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A man walks past an electronic stock board showing Japan's Nikkei 225 and New York Dow index at a securities firm in Tokyo on Nov. 24, 2020.Eugene Hoshiko/The Associated Press

Stephen Way is senior vice-president and head of global and emerging markets equities at AGF Investments Inc.

It may come as a surprise to some investors how well the Japanese stock market has performed in recent years. Not maybe as well as the U.S. market, which has outgained most of its global counterparts, but since the beginning of 2015, the Nikkei 225 has climbed close to 90 per cent (in Canadian dollar terms), representing a return far more impressive than bellwether equity indexes in other parts of the developed world, including Europe, Britain and Canada, according to Bloomberg data.

And that may not be the end of its run. Japan’s attractiveness as a cog in a well-diversified equity portfolio is not waning heading into the final months of 2020. The Nikkei’s rebound off the March bottom has been stronger than all but the S&P 500 and Nasdaq, according to Cornerstone Research, and backed by a confluence of tailwinds, shares in many of the country’s publicly listed companies are poised to push even higher in the weeks ahead.

Arguably the most favourable tailwind is its deep discount to the United States based on price-to-book ratios. In fact, according to our research using Bloomberg data, the last time Japanese equities (the Nikkei 225) traded at a valuation spread this attractive to U.S. equities (S&P 500) was in 2001. In the three years that followed, the Nikkei netted a total return, in U.S. dollars, of 133 per cent, and 115 per cent after five years.

Equally intriguing, however, is the cyclical nature of Japan’s market at a time when economic prospects are picking up in the wake of this year’s pandemic-induced recession. According to Bloomberg, the country’s recent second-quarter earnings results beat expectations by 34 per cent in aggregate, the widest margin in almost three years.

And while investors won’t likely be clear of the COVID-19 crisis until a vaccine is approved and administered broadly around the world – hopefully sometime next year – there are several signs that the global economy is on the mend. The Global Purchasing Managers Index (PMI), for instance, continues to push higher after bottoming this summer and now indicates a robust expansion is under way, according to the latest data through October. That would presumably be a big boost to most stocks regardless of jurisdiction, but especially Japanese equities that have a value tilt and tend to do well in the early stages of a new expansion.

In addition, the geographic earnings distribution of listed companies in Japan is far more balanced than it was in the past and may benefit from an economic recovery led by Asia-Pacific nations that have so far handled the pandemic better than countries such as the U.S., which is still seeing rising case counts and whose economy may be further burdened by its divisive and highly polarized political climate. To be more specific, the Asia-Pacific region is growing in importance for Japanese companies. Going forward, we expect the contribution to earnings from China to exceed that of the U.S., as China’s economic growth, and that of the broader Asia-Pacific region, continue to outpace their American rivals. For example, Japan’s Shimadzu Corp., a provider of analytical and measuring instruments, medical imaging systems, aircraft equipment and industrial machinery, and Keyence Corp., which develops and manufactures factory automation equipment, are both set to increase sales to China in the coming years.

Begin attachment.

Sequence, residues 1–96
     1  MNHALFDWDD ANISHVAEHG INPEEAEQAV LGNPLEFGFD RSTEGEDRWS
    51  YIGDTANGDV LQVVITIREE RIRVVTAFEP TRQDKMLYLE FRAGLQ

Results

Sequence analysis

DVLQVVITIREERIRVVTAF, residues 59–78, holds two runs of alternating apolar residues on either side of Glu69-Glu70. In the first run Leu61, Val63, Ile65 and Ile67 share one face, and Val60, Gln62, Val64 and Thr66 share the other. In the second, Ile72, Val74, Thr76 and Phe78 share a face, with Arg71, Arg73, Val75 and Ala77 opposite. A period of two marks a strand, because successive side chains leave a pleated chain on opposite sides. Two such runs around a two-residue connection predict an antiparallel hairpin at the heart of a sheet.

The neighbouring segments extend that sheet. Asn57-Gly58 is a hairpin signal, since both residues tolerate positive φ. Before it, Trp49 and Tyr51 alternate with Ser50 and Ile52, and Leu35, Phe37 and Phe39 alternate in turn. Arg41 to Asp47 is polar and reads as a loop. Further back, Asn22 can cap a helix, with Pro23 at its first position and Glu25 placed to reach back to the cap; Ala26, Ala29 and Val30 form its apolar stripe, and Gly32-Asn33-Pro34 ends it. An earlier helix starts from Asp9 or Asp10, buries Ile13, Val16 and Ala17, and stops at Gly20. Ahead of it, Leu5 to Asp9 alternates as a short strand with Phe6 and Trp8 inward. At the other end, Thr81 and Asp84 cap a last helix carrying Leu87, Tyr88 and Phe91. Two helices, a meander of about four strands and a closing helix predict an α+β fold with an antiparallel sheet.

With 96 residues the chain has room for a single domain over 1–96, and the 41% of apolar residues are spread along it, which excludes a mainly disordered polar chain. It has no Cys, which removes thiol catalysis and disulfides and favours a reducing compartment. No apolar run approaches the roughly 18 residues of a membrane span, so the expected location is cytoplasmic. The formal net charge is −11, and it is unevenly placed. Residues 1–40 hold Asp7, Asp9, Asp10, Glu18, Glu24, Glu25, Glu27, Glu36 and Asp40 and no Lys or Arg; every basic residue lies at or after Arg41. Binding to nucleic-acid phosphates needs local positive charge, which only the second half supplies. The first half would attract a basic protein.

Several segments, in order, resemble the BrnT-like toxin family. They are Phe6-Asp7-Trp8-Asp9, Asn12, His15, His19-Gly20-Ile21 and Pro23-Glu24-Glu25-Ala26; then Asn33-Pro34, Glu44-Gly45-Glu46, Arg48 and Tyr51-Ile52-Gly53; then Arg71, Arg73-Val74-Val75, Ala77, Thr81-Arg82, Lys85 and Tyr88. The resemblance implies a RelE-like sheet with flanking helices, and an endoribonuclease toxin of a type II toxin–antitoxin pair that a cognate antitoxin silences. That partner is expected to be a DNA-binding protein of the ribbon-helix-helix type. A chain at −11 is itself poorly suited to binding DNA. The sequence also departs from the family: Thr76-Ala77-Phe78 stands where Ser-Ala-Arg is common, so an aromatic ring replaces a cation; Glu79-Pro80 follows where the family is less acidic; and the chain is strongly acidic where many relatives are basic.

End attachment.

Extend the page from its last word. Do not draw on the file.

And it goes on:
There’s also no shortage of long-term catalysts favouring Japan. New Prime Minister Yoshihide Suga may end up being more aggressive on domestic policy than his predecessor and deliver on promises of government reforms and deregulation. His initiatives are expected to include a new digital agency that will be responsible for upgrading Japan’s central and local government systems to support fully electronic filing and other paperless processing. The agency should ensure that long-term budgets for government spending on information technology remain in place and could bolster the country’s software development and IT services industry in the process.

Mr. Suga is also set to realign Japan’s regional bank subsector, which would potentially spur M&A activity and share-price appreciation for companies involved, and as with Shinzo Abe before him, the Prime Minister is supportive of the Bank of Japan’s aggressive reflationary monetary policy.

Clearly, there are several good reasons to be bullish on Japan now, and that doesn’t take into consideration other potential catalysts that may still come to the fore or that are difficult to quantify. What if, for instance, Japan’s manufacturing industry is offered the chance to fill a sourcing void left by an escalating trade war between the U.S. and China? And what about Warren Buffett’s recent US$7-billion investment in five Japanese trading companies? That’s an endorsement if there ever was one.

Full disclosure: AGF owns stock in Shimadzu Corp. and Keyence Corp.

The views expressed are those of the author and do not necessarily represent the opinions of AGF, its subsidiaries or any of its affiliated companies, funds or investment strategies. References to specific securities should not be considered as investment advice or recommendations.

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